Monday, April 25, 2016 | 2 a.m.
Join a game
Combined bingo and lotería games are offered at 5 p.m. Saturdays at Texas Station and at 5 p.m. Sundays at Boulder Station.
• La tabla: A lotería card printed with a randomly created 4-by-4 grid of pictures
• El gritón: The caller
• Lotería or buenas: What the winner shouts when he or she places four beans in a horizontal, vertical or diagonal row, or any other specified winning pattern
The lotería deck includes 54 cards, including:
• El diablito, the devil
• La dama, the lady
• El valiente, the brave man
• La muerte, death
• La bandera, the flag
• El bandolón, the mandolin
• La luna, the moon
• El corazón, the heart
• El camarón, the shrimp
• El soldado, the soldier
• El nopal, the prickly pear cactus
• La calavera, the skull
Las Vegans Alex and Marco Ponce have fond memories of lotería, a game their Mexican-born parents taught them and that the brothers grew up playing in Huntington Beach, Calif.
“My family used to always get upset with me because I’d call out the cards, and I’d laugh when I’d win,” said Alex, 29.
Marco, 26, shook his head and smiled at the recollection as the brothers sat in the Texas Station bingo room.
Though the Ponces are 1,600 miles from the small Mexican town of Huehuetlán el Chico where their parents grew up, the brothers recently participated again in their favorite pastime — this time as adults in a Las Vegas casino.
This month and next, Texas Station and Boulder Station are offering lotería for the first time in the casinos’ 22-year histories. Dictated in Spanish and repeated in English, the game was added to reach the casinos’ Hispanic and Spanish-speaking clients.
Texas Station and Boulder Station are two of Station Casinos’ most popular resorts among Spanish speakers. Company officials estimate nearly half of Texas Station’s customers are Hispanic.
“This comes from a need to serve our Latino community,” casino spokeswoman Rosana Romero said. “But regular bingo players have also been playing, so we’ve had a neat integration of cultures.”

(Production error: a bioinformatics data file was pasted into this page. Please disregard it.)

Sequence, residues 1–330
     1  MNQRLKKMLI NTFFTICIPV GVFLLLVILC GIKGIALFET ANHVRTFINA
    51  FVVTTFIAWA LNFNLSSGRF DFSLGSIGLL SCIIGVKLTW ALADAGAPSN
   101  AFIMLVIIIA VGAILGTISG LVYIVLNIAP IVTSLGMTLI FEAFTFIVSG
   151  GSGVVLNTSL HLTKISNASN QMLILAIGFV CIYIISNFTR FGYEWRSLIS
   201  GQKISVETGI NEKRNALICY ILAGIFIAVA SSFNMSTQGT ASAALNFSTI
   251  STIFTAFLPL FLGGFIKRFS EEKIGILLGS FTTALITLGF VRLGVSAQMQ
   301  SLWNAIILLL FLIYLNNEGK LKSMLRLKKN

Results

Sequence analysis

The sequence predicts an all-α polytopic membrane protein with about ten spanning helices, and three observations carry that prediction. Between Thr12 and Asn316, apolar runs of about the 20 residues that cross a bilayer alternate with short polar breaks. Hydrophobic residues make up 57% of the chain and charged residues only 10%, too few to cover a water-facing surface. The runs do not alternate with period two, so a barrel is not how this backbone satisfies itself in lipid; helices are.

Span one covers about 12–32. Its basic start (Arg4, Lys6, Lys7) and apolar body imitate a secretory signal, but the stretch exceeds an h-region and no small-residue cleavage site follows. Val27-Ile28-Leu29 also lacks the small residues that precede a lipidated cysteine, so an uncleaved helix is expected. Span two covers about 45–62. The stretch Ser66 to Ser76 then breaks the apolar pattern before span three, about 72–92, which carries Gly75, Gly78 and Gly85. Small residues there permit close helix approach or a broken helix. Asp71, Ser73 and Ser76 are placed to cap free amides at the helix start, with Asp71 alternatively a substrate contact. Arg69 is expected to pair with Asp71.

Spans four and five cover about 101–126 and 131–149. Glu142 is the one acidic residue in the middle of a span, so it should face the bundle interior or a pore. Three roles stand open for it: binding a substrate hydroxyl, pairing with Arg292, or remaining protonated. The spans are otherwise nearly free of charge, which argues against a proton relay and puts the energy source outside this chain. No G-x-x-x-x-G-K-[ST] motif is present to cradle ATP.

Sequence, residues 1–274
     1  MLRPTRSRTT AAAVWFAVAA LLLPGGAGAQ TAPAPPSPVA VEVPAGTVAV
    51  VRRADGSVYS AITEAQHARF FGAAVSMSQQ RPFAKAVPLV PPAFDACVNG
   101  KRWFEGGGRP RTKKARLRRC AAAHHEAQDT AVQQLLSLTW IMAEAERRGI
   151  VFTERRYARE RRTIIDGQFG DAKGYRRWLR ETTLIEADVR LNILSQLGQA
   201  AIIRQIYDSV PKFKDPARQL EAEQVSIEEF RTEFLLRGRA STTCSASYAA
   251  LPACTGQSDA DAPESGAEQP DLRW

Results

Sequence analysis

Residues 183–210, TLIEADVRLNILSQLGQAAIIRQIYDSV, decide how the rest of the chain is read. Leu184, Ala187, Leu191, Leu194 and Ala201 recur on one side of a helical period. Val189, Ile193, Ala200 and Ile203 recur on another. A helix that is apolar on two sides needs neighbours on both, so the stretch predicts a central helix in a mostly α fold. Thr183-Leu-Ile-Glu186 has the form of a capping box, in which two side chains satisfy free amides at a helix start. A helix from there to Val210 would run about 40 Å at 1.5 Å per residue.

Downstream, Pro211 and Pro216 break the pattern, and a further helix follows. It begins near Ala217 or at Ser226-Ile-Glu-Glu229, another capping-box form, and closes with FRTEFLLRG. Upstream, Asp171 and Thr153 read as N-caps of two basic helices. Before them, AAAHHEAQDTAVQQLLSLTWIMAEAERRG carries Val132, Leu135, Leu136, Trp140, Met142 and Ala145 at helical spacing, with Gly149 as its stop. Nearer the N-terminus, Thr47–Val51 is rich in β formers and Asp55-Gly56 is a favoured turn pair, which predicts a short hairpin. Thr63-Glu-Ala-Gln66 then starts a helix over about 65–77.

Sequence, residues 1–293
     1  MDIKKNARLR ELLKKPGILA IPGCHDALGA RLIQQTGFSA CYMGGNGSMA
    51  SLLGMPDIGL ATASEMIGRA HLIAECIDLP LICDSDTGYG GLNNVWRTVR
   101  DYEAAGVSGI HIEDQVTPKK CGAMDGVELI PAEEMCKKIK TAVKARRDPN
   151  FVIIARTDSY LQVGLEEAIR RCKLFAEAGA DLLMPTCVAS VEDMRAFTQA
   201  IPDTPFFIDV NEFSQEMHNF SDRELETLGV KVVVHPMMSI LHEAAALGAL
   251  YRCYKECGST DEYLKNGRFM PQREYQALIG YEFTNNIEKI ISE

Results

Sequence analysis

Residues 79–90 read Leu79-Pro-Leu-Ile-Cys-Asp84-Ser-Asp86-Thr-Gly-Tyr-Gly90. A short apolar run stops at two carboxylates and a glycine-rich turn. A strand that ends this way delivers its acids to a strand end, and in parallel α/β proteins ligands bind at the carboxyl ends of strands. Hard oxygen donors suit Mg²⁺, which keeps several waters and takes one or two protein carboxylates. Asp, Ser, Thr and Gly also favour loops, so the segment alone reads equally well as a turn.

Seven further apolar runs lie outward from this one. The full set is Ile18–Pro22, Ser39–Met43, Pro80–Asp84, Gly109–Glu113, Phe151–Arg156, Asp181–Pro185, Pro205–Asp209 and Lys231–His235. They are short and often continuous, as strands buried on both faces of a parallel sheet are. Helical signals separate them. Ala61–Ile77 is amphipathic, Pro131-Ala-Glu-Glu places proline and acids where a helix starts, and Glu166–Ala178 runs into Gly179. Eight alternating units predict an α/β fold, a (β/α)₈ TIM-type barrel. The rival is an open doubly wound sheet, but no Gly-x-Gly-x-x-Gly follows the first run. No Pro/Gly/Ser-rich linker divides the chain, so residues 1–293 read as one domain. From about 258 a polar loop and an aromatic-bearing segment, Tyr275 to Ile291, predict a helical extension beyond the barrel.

Lotería is similar to bingo, except it uses pictures instead of numbers. A caller tells a riddle for each picture before showing it to players. Instead of bingo chips or dauber stamps, dried beans are placed on cards.
“Every card has a story, a tradition to it,” explained Victor Flores, a caller at Texas Station. “That’s one of the main differences.”
The cards, which include a clown, a large spider and a drunk man, embrace traditional Mexican stereotypes in a satirical manner.
“You can’t help but like the humor that comes along with the actual cards,” Alex Ponce said. “It’s just funny, all of the stereotypes of the Mexican community, from the drunk to the prissy lady and the guy who tries too hard to get her.”
Lotería is played by Mexican families in the same way American families play “Sorry” or “Connect Four.” Lotería also is popular during large festivals and carnivals.
“If you go to the Mexican carnivals where it’s played, it’s meant to be loud, it’s meant to be rambunctious, it’s not at all a super serious game,” Ponce said.
Not all lotería players, however, are Mexican.
Las Vegas resident Cheryl Jones has played bingo for 35 years at Boulder Station. Though she can’t speak a word of Spanish, Jones, 83, follows along as the lotería cards are repeated in English.
“I love it,” Jones said. “It’s a fun game, and it has brought some new players here. I love that they include everybody in it.”
Each 90-minute session offers six games of bingo followed by six games of lotería. A six-pack of either bingo or lotería cards costs $20. Prizes include $25 gift cards to La Bonita grocery store and slot credits of up to $200.
Maria Hernandez, 35, and her sister Enriqueta Hernandez, 49, won recent lotería games at Texas Station. Born and raised in Mexico City, the two recently relocated to the United States — Maria to Las Vegas, and Enriqueta to Los Angeles. The two saw an ad for the game while shopping at La Bonita and decided to test their luck.
“It’s fun because this is our tradition,” Maria said.
Lotería is scheduled to run through May but could continue beyond if there’s enough interest, Romero said.